About 200 African content moderators are being laid off by Sama, Meta’s Kenyan subcontractor. This comes after Facebook’s parent company Meta declined to renew Sama’s contract, which expires at the end of March. (Stephen Lam/Reuters)
About 200 African content moderators are being laid off by Sama, Meta’s Kenyan subcontractor. This comes after Facebook’s parent company Meta declined to renew Sama’s contract, which expires at the end of March.
Moderators — who have been exposed to the very worst content on Facebook, including graphic violence, suicide and child pornography — will each receive 15 days of pay for each year they worked with Sama.
They will be flown out of Nairobi to their home countries after 31 March. This package is far smaller than what Facebook offered the 11 000 direct employees it laid off last year.
US-based staff were offered 16 weeks of pay across the board, and an extra two weeks of pay for every year served. The moderators learnt of the terms of their termination in a meeting on Wednesday last week.
They had feared for their jobs since May last year, when both Sama and Meta were sued by former moderator-turned whistleblower Daniel Motaung, who accused the companies of labour rights violations, including union busting and exploitation.
The case is still under way. When Motaung first went public, within Sama’s operation “everybody was scared”, one moderator said this week, speaking on condition of anonymity. “Sama management clearly wanted to know who was speaking to journalists.”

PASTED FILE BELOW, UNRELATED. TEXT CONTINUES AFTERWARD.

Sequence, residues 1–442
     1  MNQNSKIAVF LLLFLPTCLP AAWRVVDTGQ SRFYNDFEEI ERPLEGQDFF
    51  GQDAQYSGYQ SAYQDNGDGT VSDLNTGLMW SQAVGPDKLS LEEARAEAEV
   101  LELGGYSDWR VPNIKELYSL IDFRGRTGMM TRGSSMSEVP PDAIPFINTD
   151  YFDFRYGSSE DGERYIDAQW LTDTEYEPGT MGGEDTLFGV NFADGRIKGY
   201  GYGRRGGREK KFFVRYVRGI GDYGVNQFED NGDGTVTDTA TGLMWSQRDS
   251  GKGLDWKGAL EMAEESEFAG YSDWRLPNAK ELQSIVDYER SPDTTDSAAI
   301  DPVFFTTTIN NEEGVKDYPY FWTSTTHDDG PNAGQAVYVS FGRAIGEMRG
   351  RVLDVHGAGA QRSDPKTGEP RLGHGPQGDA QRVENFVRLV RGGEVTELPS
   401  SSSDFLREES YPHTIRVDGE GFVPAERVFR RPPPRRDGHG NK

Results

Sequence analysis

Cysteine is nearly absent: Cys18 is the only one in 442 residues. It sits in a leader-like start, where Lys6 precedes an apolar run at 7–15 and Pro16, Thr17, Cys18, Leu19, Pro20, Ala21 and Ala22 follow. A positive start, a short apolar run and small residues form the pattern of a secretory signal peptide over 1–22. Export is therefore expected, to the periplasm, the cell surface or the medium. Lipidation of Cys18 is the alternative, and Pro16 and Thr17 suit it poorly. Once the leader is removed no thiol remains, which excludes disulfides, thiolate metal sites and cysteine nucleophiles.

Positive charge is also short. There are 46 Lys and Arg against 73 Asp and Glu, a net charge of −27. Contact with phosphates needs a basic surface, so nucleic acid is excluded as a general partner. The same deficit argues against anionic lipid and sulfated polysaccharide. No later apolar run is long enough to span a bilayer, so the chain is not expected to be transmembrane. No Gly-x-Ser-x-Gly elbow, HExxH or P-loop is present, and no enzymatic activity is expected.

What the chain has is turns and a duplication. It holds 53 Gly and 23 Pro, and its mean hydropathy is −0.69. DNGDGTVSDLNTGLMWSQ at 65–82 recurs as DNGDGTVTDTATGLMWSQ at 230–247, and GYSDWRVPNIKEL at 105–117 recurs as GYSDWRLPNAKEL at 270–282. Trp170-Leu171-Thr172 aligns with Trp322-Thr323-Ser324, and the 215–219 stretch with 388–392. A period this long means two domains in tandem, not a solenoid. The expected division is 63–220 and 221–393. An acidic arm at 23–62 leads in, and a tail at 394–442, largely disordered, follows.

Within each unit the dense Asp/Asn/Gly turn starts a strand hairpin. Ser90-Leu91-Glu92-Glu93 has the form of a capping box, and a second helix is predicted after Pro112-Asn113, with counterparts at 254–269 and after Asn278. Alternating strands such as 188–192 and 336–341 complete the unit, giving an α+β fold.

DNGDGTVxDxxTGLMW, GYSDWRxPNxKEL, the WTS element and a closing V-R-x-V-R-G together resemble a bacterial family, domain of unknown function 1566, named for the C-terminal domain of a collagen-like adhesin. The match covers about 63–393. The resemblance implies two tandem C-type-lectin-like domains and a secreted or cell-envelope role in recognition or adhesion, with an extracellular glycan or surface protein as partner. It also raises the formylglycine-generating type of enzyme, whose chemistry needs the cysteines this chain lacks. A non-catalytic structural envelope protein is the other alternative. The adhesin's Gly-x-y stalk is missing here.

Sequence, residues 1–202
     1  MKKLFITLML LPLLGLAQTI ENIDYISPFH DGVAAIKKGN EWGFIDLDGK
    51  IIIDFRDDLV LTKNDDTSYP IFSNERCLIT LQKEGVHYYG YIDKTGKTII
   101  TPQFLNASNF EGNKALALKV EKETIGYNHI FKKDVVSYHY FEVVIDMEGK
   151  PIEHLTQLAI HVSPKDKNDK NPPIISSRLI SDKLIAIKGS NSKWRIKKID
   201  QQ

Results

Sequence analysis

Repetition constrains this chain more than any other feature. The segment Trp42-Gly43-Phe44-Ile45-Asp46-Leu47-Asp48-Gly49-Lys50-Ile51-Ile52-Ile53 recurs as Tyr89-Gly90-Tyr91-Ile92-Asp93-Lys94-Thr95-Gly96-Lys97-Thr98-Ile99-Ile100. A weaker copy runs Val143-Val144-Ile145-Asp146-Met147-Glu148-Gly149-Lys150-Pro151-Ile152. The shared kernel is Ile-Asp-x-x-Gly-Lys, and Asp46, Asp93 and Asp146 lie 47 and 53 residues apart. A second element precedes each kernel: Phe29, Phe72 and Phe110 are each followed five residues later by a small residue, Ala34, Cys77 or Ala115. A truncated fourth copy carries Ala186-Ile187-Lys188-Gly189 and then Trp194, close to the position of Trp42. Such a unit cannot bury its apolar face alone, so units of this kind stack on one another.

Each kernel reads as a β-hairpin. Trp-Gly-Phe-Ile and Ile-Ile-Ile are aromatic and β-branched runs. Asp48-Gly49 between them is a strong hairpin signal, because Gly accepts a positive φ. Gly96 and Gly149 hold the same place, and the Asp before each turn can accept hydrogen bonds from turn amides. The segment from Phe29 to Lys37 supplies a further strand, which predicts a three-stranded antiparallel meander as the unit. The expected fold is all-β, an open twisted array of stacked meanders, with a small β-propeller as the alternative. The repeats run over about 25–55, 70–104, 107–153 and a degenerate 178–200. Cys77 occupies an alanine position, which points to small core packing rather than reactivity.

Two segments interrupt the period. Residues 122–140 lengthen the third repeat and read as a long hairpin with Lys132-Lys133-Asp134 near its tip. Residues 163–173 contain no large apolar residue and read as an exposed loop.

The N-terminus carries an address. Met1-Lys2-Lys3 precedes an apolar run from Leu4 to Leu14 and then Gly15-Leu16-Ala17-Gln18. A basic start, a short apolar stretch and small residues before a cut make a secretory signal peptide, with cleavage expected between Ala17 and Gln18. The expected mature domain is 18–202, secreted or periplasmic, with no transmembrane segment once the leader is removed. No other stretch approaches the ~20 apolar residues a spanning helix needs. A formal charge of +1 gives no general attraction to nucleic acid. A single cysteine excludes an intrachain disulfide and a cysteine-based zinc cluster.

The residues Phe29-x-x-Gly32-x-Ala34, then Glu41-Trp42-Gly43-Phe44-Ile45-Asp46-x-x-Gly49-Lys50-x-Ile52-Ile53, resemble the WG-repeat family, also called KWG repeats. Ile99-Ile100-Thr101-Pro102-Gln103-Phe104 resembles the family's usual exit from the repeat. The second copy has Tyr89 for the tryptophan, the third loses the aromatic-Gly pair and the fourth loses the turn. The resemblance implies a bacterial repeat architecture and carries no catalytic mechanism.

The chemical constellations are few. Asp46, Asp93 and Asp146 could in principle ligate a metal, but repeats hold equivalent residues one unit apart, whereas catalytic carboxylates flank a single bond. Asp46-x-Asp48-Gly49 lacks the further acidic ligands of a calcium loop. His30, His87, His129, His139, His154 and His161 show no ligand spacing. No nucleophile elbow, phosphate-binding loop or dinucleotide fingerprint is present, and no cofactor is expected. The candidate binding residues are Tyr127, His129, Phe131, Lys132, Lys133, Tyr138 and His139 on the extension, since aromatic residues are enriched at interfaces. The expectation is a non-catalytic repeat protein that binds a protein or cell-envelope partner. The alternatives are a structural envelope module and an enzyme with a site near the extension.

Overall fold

A Facebook spokesperson said: “We respect Sama’s decision to exit the content review services it provides,” adding that Meta will work with its partners to continue content moderation during the transition.
Sama said that in addition to the severance pay and flights home, laid-off staff would also receive “one year of wellness benefits” and all other bonuses and holiday pay due to them through their last work day.
Additionally, “those who work through the end of their contract will receive an ex-gratia bonus equal to 30 days pay”, although it was not immediately clear who this might apply to. It also said the end of the contract was not connected to Motaung’s lawsuit.
This article first appeared in The Continent, the pan-African weekly newspaper produced in partnership with the Mail & Guardian. It’s designed to be read and shared on WhatsApp. Download your free copy here.